The Magical Powers of the Paci and How to Use it Responsibly; recommendations (and a confession) from a mommy speech-language pathologist

Hi. My name is Lacy Morise. I am a mommy speech-language pathologist. And I gave all 3 of my babies the pacifier.


There I said it. I confess. I am now washed of all the guilt I have experienced over the past 8 years concerning my submission to the power of the pacifier. As an SLP I’m “supposed” to discourage its use, be an example to other parents, stand strong against the staunch arguments in its favor: it’s a great mute button, it makes long car rides tolerable and it helps your baby sleep through the night. But I had a weak moment…


or two…


or three.


When my first was born I had some pacifiers waiting in the wings but didn’t jump to give them to her while at the hospital. It wasn’t until her first visit with the pediatrician when he gave me his approval for it’s use that I decided to go ahead and give it to her. After all if my pediatrician, father to 3, had given it to his kids and all was okay, then that was the green light for me…right? Much to my relief (resulting in great guilt) she loved it! As did her brother 2 ½ years later and her younger sister 6 years later! However, despite all 3 of my babies using the pacifier, I did have some rules in place. I used their pacifiers cautiously; limiting its use to nap and bedtime past 9 months of age and taking it away completely by 15 months. I was shocked when at my youngest child’s 1-year well child visit the pediatrician said to go ahead and take the binky away at 12 months….really?! Isn’t it a little too soon? Actually, NO.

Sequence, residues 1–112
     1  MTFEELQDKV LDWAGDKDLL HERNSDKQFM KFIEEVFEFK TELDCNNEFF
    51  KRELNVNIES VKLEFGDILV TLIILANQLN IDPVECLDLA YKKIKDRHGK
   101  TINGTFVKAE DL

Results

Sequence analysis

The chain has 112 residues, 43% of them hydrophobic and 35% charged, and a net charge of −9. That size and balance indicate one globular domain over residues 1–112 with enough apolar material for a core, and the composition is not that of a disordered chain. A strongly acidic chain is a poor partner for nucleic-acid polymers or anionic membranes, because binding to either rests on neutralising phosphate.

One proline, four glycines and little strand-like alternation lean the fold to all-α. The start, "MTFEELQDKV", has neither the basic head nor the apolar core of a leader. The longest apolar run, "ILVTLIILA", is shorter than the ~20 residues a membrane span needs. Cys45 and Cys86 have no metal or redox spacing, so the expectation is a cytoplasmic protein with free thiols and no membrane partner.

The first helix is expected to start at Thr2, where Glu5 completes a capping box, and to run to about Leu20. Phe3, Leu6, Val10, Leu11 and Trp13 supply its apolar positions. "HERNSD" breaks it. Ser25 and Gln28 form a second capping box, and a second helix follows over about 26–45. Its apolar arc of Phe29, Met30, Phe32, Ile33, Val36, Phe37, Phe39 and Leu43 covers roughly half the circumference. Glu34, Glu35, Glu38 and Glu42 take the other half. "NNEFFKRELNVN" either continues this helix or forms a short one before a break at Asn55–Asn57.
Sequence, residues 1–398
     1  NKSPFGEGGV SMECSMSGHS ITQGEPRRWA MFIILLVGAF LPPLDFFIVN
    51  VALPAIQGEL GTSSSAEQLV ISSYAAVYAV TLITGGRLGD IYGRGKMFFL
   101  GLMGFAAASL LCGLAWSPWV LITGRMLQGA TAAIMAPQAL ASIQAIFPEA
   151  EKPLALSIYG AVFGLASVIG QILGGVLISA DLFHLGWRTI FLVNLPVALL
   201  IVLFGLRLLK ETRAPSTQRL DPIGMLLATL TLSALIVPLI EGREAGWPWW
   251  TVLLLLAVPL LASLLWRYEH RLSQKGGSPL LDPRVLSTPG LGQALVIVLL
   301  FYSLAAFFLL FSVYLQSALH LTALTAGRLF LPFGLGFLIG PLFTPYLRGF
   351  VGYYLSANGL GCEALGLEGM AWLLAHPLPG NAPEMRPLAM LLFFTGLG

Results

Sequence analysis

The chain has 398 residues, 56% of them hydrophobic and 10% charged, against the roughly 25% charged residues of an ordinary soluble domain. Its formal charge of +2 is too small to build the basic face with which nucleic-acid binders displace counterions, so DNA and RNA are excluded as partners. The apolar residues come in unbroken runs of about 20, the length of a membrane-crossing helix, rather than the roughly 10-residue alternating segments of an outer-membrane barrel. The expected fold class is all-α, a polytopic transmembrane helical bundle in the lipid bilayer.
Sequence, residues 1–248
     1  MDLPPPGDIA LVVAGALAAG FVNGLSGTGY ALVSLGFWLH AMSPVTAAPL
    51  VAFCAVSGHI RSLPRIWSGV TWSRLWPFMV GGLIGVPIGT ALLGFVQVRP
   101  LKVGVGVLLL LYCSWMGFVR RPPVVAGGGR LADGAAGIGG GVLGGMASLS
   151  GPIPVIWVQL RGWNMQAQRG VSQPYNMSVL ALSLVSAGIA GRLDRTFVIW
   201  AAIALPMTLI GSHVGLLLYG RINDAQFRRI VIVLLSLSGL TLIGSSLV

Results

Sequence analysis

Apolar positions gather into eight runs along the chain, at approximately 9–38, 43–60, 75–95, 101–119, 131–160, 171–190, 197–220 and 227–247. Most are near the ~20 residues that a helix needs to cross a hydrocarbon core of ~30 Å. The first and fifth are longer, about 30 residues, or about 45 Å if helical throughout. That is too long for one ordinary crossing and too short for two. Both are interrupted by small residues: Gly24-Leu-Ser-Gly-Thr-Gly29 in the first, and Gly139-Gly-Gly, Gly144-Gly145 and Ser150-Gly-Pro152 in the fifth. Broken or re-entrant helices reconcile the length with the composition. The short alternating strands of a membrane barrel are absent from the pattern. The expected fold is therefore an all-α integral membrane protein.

Most SLPs, pediatricians and pediatric dentists recommend taking the pacifier away at or before 12 months of age. Why so soon?


The pacifier is a great thing for infants. It allows them a way to comfort themselves, and reduces the risk of SIDS as it prevents that baby from falling into a deep sleep, which is when SIDS occurs. Not to mention the other fringe benefits I mentioned above, like quieting a rowdy babe, helping them sleep longer and making outings and car rides more enjoyable for all.